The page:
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Study: More Than 10,000 Arrested Annually For Possessing Marijuana in Colorado

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A new report concludes more than 10,000 people are arrested each year in Colorado for possession of marijuana.

The study is based on data from the Federal Bureau of Investigation, according to The Denver Post. The researchers from the Marijuana Arrest Research Project found there have been more than 210,000 arrests for marijuana possession in Colorado in the past 25 years. More than one-fourth of the arrests took place between 2006 and 2010.

The newspaper notes the research group creates reports for several groups, including the Drug Policy Alliance, which backs Amendment 64. The measure, to be voted on next Tuesday, would make it legal for people 21 and older to possess up to one ounce of marijuana in Colorado.

The study found young Latinos and African Americans are arrested at higher rates than whites, the article notes.

8 Responses to this article

  1. Herschel Baker / November 5, 2012 at 2:42 pm

    The Toxic properties of chemical molecules and their cellular damage are not matters of opinion or debate. They are not determined by judges, politicians, scientifically uneducated lawyers, or “doctors”. Everyone is entitled to his own “opinion”. He/She is not entitled to his/her own “facts”. Chemically, marijuana is a dangerous drug. It very sad to see that some people who are now or have been in positions of authority here in Australia being so naive in regards to illegal drugs, if we look at marijuana what level of THC will the Government use to sell to the public?

    In view of the Netherlands which may be famous for its liberal drugs policies, now the Dutch government is about to declare some forms of cannabis are as dangerous as cocaine and heroin. A commission has found marijuana on sale in coffee shops in the Netherlands contain around 18 percent tetrahydrocannabinol or THC, which is the main psychoactive substance. Dutch experts said a THC concentration above 15 per cent constitutes a hard drug on par with cocaine and heroin.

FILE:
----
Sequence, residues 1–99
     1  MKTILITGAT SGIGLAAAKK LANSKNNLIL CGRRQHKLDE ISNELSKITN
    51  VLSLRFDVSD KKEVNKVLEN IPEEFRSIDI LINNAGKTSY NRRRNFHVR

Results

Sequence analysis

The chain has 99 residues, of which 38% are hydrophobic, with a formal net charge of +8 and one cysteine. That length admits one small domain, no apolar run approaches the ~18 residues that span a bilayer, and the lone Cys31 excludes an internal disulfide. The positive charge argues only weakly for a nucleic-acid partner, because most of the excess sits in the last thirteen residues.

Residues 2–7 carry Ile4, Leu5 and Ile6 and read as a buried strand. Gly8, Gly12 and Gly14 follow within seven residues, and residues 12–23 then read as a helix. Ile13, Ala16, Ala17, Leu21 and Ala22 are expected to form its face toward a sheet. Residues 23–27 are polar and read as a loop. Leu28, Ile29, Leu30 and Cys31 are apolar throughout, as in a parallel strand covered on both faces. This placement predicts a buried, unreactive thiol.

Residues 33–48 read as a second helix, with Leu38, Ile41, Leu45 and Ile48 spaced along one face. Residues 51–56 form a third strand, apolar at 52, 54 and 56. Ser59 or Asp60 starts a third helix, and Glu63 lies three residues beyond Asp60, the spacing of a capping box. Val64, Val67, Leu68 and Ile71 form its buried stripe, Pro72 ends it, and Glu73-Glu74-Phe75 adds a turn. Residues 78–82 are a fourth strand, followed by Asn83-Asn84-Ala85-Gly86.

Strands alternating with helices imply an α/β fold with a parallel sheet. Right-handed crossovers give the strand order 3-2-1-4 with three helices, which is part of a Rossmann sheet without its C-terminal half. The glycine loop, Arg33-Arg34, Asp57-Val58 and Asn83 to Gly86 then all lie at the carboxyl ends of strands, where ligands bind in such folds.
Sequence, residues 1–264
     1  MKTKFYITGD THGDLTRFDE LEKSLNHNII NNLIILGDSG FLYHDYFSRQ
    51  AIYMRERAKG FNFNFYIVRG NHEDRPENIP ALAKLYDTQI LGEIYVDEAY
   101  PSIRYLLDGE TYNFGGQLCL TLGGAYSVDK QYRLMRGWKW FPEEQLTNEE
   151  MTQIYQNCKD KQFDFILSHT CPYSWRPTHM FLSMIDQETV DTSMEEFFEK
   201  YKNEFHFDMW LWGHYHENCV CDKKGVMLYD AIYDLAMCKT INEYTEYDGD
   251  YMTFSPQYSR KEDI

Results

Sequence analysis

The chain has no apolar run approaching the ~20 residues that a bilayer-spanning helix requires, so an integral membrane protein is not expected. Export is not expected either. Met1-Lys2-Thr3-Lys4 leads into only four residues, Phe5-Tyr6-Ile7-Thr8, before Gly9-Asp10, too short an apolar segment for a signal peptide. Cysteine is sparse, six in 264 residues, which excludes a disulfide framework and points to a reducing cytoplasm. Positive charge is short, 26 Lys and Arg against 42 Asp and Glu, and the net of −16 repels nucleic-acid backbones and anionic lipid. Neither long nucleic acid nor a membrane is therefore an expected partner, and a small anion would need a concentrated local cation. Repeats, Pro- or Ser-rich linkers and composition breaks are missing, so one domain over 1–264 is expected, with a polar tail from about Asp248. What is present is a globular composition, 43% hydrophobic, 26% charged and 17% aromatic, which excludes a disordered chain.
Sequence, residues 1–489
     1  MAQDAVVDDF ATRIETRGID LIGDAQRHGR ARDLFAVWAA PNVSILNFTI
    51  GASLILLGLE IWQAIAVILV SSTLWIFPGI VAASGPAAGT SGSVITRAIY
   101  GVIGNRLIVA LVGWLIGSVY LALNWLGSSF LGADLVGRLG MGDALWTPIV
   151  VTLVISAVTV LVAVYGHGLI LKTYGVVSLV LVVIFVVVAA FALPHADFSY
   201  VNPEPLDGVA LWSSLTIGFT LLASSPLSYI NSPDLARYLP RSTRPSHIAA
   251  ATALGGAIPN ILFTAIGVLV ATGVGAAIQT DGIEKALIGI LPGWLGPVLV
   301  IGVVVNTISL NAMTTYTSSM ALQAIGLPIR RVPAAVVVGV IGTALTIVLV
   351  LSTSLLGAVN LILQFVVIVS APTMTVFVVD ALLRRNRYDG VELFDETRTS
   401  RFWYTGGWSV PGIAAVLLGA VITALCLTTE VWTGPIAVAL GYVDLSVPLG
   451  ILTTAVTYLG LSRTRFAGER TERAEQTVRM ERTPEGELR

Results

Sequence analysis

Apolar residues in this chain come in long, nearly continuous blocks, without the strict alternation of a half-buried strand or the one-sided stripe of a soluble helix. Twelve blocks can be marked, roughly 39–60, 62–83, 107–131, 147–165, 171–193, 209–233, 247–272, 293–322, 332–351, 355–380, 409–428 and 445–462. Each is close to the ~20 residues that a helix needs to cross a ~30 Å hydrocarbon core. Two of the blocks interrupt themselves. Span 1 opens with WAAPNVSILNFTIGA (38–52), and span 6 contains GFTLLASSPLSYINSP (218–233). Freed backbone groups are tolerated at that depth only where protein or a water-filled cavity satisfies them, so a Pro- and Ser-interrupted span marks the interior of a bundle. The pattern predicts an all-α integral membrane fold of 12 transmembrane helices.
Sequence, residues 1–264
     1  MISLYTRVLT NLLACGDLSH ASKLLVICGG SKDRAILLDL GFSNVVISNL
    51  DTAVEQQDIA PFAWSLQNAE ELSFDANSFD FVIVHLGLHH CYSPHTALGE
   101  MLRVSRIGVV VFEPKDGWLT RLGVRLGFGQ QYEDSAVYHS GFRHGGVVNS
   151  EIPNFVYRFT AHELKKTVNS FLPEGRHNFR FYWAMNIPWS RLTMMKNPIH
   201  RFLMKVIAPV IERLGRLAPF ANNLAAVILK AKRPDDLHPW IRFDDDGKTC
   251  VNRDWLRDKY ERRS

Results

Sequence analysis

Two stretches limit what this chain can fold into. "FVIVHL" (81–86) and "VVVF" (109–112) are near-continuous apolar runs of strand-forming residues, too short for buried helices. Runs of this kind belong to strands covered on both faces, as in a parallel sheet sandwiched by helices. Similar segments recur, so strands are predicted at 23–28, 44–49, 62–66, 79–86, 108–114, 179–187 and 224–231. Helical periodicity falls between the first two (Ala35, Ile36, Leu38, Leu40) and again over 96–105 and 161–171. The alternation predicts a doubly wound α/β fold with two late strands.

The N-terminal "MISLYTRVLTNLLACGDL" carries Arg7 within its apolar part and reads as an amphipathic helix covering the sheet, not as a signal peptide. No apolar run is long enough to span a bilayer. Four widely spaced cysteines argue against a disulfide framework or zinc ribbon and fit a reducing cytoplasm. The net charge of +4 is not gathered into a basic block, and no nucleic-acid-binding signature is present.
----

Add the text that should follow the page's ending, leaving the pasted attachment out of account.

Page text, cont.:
Will the growers or pushers really pack up and disappear or will they still have the really good stuff to sell to the public?

    What the signatures of the The Australia 21 paper have failed to address is that

    Drug Policy needs to focus on children’s rights-to live a safe, healthy life, free of illicit drugs and Research studies have recently confirmed what many parents already know—children learn parenting practices from their parents and use those methods to raise their own children.

  2. Dan R. Gray, ICRAADC, MARS / November 3, 2012 at 1:34 am

    Having been involved in the alcohol and drug addictions field for half a century, I am well aware of the true reason that smoked marijuana was mandated, by then President Richard M. Nixon, to remain on the list of mood altering drugs that his hand picked professionals had dropped off of the list of Schedule 1 illicit drugs. I prefer not to go into that.
    Of the 400+ chemical compounds in the cannabis sativa plant, Delta-9-Tetrahydrocannabinol (THC) is the more popular mood altering compound. For the past 40 years, there exists such scant, honest and complete research available that proves beyond any reasonable doubt that smoked THC is factually addictive, I would have to do as the “hand-picked” drug professionals in 1971 did and drop it completely off my list. Tops on my list of human and societal harmful mood altering chemicals are smoked nicotine from tobacco and all forms of ethyl alcohol. The only reason that I can see for keeping marijuana as a schedule 1 addictive drug is the money that it makes for the drug cartels, organized crime, and the street dealers. This appears to be a “hand-in-glove” “Money-go-Round” with the criminal justice system in total. As such, it has destroyed lives, families, and jobs on a regular basis. By my rough estimation, legalizing, taxing, and regulating marijuana at both the state and federal level would save and create about a trillion dollars per year. That is just “a made in America product” having export value. Both the Federal Government and the State Governments would have taxation rights. This could not happen overnight. I must be a transitional thing that is well thought out at both the State and Federal levels. This would remove marijuana from the schoolyard as the huge profits would no longer be there for the street dealer. Some of the research of the various compounds appear to show a natural cure for cancer and appropriate treatment for some forms of chemical dependency and genetic based addictions. It also appears to have some beneficial effects on some of the mental diseases such as schizophrenia and PTSD along with a few others not well researched at this time.